I think that we all will find that as we interact with PAs in doctors’ offices, clinics, and hospitals across the country that they are just as skilled and prepared to treat patients as doctors and nurse practitioners. Well how can I say that, given that doctors spend so many more years in school? Because our residency is on-the-job, and we are required to re-certify every six years. Doctors don’t have to do that. So you will always know that your PA is up-to-date on their skills and knowledge base in all areas of medicine, even if they are practicing in a specialty. Finally, if PAs were not adequately prepared to treat Joe Schmoe who comes through the door on a stretcher, they wouldn’t be working in ERs across America. Obviously, if I wanted to be a surgeon, I’d go to Medical school. But I don’t. I will be able to perform many smaller surgeries, I don’t need to remove brain tumors, or replace knees. As for the second argument, if it was about having a fancy name plate or “DM” next to my last name, I’d go to Medical school. But it’s not. And let’s be honest, there are good plumbers, and bad plumbers. Good dentists, and bad dentists. Good doctors, and bad doctors. Good PAs, and bad PAs. I’d rather go to a good PA over a bad doctor, any day. So, the argument that seeing a doctor is better than seeing a PA is invalid. I have absolutely no proof, but I bet more medical mistakes are made by docs than PAs. πŸ˜‰ Another argument can be made that it’s HARDER to be a PA, than a doctor. One of our professors who is a local PA feels that patients are harder on PAs than the doc. If she makes a mistake on a diagnosis, even if her clinical diagnosis is the EXACT SAME as the doctor she works for would make, the patient is more likely to blame the mistake on the fact that she’s a PA, not an MD. And they will be more likely to give her doc a break, if he’s wrong. Interesting, huh! It would therefore be reasonable to surmise that the pressure is higher on the PA to convince the public that we are worthy of trust and respect as medical providers. That requires more work and dedication to excellence. The fact that we can work in different specialty areas and therefore need to acquire specialty skills when we move to a new area of medicine requires more work, and dedication to learning and excellence, given that doctors do not and cannot switch among specialties. Finally, as I said earlier, we are required to re-certify every six years, something that doctors and Nurse Practitioners are not required to do. Of course you hope your doc is keeping up on all the latest research. But you don’t know if they are going to accurately read your EKG in the clinic, or see that abnormality on your retina because they aren’t required to prove that they are up to date in their skills. So choose your doc wisely!! πŸ™‚ Furthermore, if it’s all about prestige and money, we shouldn’t be in medicine anyway. If I can treat a patient with the same level of skill and discernment as the doc I work for, how exactly is what I do less valuable?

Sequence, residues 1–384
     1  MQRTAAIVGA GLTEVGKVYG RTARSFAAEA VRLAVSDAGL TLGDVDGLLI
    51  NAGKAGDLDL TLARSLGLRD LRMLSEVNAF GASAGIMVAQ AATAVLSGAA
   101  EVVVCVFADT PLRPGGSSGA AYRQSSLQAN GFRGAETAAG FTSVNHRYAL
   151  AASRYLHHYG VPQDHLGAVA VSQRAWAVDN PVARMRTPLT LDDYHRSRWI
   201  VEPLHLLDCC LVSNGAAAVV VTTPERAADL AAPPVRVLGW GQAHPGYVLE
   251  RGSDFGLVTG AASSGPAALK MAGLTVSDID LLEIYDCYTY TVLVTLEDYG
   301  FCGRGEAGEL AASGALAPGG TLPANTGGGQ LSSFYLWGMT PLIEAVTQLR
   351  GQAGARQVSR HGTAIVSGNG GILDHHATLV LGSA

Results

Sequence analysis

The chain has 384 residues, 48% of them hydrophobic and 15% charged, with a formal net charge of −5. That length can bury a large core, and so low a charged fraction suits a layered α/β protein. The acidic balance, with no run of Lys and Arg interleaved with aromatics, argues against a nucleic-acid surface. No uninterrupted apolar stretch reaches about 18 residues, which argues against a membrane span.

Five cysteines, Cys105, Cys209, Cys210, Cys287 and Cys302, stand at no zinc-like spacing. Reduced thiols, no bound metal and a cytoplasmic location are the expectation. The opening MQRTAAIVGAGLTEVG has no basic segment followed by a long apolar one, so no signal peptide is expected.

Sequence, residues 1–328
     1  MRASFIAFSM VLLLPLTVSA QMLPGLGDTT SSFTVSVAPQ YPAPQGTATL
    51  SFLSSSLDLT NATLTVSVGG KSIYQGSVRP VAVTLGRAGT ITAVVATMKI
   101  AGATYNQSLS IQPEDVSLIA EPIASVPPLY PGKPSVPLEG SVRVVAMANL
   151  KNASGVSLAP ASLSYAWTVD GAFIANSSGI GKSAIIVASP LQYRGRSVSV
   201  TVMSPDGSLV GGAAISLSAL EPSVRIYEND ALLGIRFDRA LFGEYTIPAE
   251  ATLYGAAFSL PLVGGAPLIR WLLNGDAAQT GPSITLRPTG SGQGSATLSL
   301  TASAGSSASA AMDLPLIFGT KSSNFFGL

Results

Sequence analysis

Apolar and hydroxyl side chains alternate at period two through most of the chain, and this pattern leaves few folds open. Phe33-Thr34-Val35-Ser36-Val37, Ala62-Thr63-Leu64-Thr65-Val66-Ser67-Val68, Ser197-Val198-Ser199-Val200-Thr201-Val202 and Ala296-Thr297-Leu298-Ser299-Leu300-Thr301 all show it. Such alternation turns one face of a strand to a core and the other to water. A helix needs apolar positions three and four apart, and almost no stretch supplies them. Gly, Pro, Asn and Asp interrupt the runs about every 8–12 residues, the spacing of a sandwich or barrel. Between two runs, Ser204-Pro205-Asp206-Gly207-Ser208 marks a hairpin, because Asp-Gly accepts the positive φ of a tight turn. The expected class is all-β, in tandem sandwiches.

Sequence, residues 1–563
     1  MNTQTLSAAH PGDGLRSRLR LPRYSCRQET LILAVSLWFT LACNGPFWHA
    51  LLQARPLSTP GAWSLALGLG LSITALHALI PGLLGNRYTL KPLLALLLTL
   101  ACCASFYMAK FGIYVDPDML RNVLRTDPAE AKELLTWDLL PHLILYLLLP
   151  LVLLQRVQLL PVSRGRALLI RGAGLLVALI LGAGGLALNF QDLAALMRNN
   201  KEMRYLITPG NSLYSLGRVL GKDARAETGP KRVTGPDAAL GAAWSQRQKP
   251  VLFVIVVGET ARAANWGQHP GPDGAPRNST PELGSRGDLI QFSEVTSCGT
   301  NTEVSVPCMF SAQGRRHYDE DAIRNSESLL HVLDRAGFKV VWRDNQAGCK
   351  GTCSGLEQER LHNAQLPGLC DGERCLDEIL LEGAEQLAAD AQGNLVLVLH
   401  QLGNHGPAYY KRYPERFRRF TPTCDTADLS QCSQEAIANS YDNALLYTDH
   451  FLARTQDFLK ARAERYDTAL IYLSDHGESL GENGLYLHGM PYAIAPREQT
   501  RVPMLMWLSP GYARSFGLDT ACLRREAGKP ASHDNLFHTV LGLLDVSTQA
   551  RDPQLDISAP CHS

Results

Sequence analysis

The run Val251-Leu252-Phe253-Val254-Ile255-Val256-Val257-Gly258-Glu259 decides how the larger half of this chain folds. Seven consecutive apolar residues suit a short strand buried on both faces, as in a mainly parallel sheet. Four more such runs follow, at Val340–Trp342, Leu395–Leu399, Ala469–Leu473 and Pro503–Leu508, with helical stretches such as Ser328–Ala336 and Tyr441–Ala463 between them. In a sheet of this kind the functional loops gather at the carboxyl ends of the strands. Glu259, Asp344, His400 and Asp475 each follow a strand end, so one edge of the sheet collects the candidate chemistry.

And for the final point, the concern that there are future physicians who don’t see how PAs fit into healthcare. I don’t know where that sentiment originates, perhaps they haven’t worked with PAs, have little experience with them, or knowledge of PA training and therefore make their judgment based on eight years versus 2. What I can say is that it demonstrates that they are out of touch with reality. We all know that healthcare is too expensive, and that there are rampant shortages. Doctors are not the answer; they cost too much money, and because we overload specialists and surgeons with ridiculous pay, many medical school students want to be specialists, rather than primary care practitioners (what our country really needs). So if they think that PAs don’t have a place in healthcare, I’m left to wonder who exactly they think will fill in our enormous gaps in providers. PAs are actually an amazing answer to our country’s needs. They are cost-effective, flexible, and team-oriented. They allow physicians to take care of more people by adding to their practices and clinics. They are often the only providers who will take jobs in rural and inner-city, or low income communities.